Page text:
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Pick n Pay’s Zimbabwe investment a bright light amid stiff competition

The Zimbabwean investment of Pick n Pay, South Africa’s third-largest supermarket chain by sales, is proving to be lucrative and strategic as competition in the South African grocery sector heats up, and eats into its market share.

Tawanda Karombo | IOL

Despite earlier fears that the Omicron variant of Covid-19 could impact on volumes and revenue, Pick n Pay’s stores in Zimbabwe top performed in the quarter to the end of December.

Under a partnership with Zimbabwean-listed Meikles Limited, which also runs prime city and resort hotels, and has just separately listed an agro-processing unit on the Zimbabwe Stock Exchange, Pick n Pay has seen its visibility in Zimbabwe expand in the past few months. This has boosted sales volumes.

“Sales volumes at the supermarkets segment increased by 32 percent and 29 percent for the quarter and nine months (to December), respectively, relative to the same period of the previous financial year,” Meikles, which jointly runs TM Supermarkets together with Pick n Pay, said in a trading update yesterday.

The higher sales volumes for Pick n Pay’s stores in Zimbabwe bodes well for the grocer, which is facing intensifying competition from Shoprite in the South African market.

According to former chief executive Richard Brasher, leading a turnaround at the group, speaking in April last year Pick n Pay had a 16 percent share of the food and grocery market. He added that a significant portion of this was in the affluent and middle-income market.

Pick n Pay’s chief executive Pieter Boone, speaking in October as the retailer delivered financial results for the half-year ended August, 2021 – which saw group comparable earnings per share increase 90.9 percent year-on-year while sales growth increased by 4.1 percent over the same period to R46 billion – said the retailer would use the learnings from the Boxer model to reposition its Pick n Pay Value supermarkets, as an aspirational but affordable store for middle and lower-income customers.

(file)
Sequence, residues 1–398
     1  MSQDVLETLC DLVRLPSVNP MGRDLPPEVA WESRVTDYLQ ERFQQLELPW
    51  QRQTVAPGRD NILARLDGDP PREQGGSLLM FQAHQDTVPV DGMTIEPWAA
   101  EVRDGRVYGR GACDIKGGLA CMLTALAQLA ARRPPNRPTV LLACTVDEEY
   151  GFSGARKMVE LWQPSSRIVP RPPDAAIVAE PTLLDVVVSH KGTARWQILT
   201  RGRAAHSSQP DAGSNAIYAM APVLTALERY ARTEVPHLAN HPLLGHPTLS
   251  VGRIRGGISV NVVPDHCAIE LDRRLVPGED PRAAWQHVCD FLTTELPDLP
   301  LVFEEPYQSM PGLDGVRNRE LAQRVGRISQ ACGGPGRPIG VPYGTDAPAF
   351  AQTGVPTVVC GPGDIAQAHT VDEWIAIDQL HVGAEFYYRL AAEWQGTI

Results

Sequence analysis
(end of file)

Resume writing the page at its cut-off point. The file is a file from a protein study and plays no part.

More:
This amid intensified competition in the South African grocery retail sector, with Checkers trying to eat Woolies high-end customers’ lunch. According to research by NeilsenIQ, Shoprite’s South African stores gained market share as the grocer staved off competition from rivals such as Spar, Woolworths and Pick n Pay.

Apart from its rich pickings in Zimbabwe, Pick n Pay has also been bumping up its positioning in the South African market, capitalising on online shopping to beat possible slowdown from the impact of Covid-19 lockdowns.

Analysts at Fitch Solutions highlight that while they “forecast total household spending to increase in 2022 when compared to 2021, it would only rise above the pre-Covid-19 levels of 2019”, next year.

“This means that South Africa’s consumer spending recovery will spill into 2023.”

The South African grocers are now in a race to effectively position to tap into this opportunity.

For Pick n Pay, there is the double opportunity of growing prospects for its Zimbabwe operation and clawing back lost market share in South Africa. The Zimbabwe chain is continuing to invest in store upgrades.

Meanwhile, Pick n Pay’s Zimbabwean partner, Meikles has also recorded an uptick in room occupancies and revenue per available room for its hotel division during the period under review. The company runs prime hotels in Harare, and in the resort town of Victoria Falls.

Despite the Omicron variant-induced cancellations of regional and international bookings, there was a sustained growth in both room occupancy and revenue at the hospitality segment during the quarter under review.


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